Photo: Netflix
by Lawrence Garcia Featured Film Spotlight

Marriage Story | Noah Baumbach

November 30, 2019

Noah Baumbach doesn’t like risk. Even when his films are impressive — and they often are — their formal parameters remain fairly limited. His collaborations with Greta Gerwig pushed further — but it’s his latest, Marriage Story, that might eventually come to feel like a transitional work within his filmography. Twinned montages introduce the film’s central couple: Charlie (Adam Driver) and Nicole (Scarlett Johansson) — the former an experimental theater director and New York native, and the latter a Los Angeles-born actress who wants to flirt with film and television work after some years on the stage. The narration lists all their respective best attributes; knowledge of their impending divorce follows immediately after. Immediately, then, Baumbach sets up the formal template of the film, which introduces exaggerated, even caricatured types, then offers sundry details to modulate or even overturn the typification — which is also to say the opposite of what goes on during divorce proceedings, where small slippages are turned into deadly character flaws.

The early scene where Nicole meets with a high-powered divorce lawyer (a superb Laura Dern, channelling Renata Klein from Big Little Lies) puts this model into practice, with Johansson’s mannered, tic-heavy performance placed alongside a bracing monologue about Nicole’s history with Charlie, accompanied by a slow zoom into close-up that gradually pares away the former. Still, even when Baumbach stretches himself, it feels as if he’s holding back. Driver’s late-breaking Sondheim performance is one of the Marriage Story’s bona fide highlights — yet even here, Baumbach merely has the camera follow Charlie, feint at breaking off the performance, then push in to a close-up. More daring is a rapidly escalating spat between the couple, which starts out in the usual quip-heavy Baumbach mode before heading into vicious barb-trading that registers not unlike an experimental theater exercise. It’s the rare moment where Baumbach risks actual failure — and that, in itself, might be reckoned as a kind of success.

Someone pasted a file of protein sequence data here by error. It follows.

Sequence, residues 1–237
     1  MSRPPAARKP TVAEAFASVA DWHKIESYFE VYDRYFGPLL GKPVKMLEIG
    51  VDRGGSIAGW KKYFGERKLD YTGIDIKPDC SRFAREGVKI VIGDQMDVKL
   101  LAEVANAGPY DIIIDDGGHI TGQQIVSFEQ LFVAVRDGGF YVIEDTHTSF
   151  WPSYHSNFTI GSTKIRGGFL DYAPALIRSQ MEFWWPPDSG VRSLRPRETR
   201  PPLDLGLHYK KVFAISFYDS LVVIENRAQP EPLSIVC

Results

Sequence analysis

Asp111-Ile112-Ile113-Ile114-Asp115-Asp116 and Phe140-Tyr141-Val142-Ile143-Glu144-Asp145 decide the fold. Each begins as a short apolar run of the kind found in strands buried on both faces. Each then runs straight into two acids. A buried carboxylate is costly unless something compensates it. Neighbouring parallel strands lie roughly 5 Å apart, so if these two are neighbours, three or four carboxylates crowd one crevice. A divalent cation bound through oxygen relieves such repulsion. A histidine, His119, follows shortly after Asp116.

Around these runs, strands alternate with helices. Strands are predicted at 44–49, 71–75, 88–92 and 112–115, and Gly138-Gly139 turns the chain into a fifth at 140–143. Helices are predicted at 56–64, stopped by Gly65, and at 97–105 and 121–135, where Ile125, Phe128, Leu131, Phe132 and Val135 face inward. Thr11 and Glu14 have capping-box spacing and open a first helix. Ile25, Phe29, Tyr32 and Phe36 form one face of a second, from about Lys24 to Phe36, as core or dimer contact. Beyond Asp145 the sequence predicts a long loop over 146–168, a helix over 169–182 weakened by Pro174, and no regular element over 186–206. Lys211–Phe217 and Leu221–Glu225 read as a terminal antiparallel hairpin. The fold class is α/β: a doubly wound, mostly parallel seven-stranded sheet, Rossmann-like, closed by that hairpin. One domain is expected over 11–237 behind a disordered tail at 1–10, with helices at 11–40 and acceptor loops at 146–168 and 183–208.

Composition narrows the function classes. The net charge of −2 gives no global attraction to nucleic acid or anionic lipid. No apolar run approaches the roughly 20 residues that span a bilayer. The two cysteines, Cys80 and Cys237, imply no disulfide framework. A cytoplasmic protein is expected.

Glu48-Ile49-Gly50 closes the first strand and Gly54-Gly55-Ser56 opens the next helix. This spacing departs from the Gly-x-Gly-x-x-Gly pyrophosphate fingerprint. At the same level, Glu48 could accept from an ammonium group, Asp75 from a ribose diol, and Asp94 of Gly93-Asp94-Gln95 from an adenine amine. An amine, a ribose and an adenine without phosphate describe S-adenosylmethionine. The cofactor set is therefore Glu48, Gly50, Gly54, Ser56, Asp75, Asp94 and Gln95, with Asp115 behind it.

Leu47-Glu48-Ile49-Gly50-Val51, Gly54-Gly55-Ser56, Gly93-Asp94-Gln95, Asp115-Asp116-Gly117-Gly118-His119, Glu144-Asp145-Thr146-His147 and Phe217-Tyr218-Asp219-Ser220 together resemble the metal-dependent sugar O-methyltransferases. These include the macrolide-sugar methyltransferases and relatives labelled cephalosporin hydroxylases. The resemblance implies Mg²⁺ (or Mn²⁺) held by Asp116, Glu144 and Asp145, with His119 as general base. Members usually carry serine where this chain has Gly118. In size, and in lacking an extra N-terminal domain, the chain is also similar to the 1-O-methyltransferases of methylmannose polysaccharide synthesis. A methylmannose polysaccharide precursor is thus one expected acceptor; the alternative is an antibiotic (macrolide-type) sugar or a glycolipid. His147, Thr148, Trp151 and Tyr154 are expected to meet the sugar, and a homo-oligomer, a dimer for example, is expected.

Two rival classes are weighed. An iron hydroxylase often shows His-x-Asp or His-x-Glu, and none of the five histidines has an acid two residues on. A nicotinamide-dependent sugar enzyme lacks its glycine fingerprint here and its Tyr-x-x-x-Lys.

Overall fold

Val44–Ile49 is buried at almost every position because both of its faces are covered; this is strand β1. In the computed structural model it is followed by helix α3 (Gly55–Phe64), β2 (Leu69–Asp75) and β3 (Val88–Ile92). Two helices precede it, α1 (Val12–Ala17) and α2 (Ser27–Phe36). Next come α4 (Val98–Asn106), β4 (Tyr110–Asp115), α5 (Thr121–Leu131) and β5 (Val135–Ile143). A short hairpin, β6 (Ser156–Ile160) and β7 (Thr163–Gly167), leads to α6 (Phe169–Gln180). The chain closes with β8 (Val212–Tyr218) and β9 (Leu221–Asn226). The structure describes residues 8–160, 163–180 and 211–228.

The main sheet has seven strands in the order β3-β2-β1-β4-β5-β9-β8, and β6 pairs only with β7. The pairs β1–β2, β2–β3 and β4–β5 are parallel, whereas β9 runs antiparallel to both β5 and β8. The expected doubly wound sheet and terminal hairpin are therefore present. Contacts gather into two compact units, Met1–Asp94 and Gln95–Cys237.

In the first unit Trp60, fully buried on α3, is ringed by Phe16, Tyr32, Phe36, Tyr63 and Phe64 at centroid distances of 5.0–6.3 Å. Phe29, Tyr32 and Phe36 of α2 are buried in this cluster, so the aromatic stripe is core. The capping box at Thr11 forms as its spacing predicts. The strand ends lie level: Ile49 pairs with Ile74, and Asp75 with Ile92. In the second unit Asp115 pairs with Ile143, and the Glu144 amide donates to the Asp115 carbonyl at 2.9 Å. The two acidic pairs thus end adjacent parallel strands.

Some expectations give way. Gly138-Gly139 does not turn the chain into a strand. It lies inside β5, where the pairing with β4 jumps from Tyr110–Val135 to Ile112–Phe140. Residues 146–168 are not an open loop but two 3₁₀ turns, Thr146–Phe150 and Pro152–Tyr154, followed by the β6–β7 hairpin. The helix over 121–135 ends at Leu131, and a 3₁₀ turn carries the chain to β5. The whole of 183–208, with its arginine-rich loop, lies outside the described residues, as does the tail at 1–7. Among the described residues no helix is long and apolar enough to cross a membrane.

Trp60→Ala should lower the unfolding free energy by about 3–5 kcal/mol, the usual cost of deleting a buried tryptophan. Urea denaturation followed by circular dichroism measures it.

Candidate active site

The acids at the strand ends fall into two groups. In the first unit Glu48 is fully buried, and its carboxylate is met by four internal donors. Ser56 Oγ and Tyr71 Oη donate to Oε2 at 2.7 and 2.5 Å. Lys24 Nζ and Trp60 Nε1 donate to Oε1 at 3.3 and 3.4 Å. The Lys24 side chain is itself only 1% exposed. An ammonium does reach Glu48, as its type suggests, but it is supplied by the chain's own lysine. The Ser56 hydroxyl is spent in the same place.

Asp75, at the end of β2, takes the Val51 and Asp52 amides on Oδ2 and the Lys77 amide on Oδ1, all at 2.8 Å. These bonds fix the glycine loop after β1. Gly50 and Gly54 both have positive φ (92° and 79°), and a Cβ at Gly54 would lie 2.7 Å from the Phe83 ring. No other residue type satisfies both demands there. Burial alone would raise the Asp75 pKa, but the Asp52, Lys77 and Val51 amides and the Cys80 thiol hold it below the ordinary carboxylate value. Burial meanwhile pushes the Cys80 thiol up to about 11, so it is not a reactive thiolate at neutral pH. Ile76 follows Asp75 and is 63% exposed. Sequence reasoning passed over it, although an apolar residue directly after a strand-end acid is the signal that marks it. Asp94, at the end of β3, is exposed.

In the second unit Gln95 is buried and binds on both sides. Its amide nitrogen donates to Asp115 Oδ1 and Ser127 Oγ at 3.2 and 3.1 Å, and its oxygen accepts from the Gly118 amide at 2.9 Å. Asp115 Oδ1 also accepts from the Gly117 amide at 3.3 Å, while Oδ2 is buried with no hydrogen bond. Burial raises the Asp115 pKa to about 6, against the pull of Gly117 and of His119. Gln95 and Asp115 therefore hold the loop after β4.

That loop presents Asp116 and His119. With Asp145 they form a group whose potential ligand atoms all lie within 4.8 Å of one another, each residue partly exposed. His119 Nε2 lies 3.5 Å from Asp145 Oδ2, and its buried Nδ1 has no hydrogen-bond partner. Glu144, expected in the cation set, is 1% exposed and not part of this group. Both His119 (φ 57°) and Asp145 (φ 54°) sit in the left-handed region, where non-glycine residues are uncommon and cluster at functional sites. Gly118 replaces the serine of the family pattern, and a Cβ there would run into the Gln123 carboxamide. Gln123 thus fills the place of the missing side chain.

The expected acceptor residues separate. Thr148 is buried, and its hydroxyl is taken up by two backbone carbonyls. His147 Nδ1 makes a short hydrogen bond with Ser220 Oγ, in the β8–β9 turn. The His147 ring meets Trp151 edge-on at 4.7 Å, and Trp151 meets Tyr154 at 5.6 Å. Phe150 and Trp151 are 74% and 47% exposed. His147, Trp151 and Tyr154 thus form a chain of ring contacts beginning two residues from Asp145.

Published as part of November 2019’s Before We Vanish.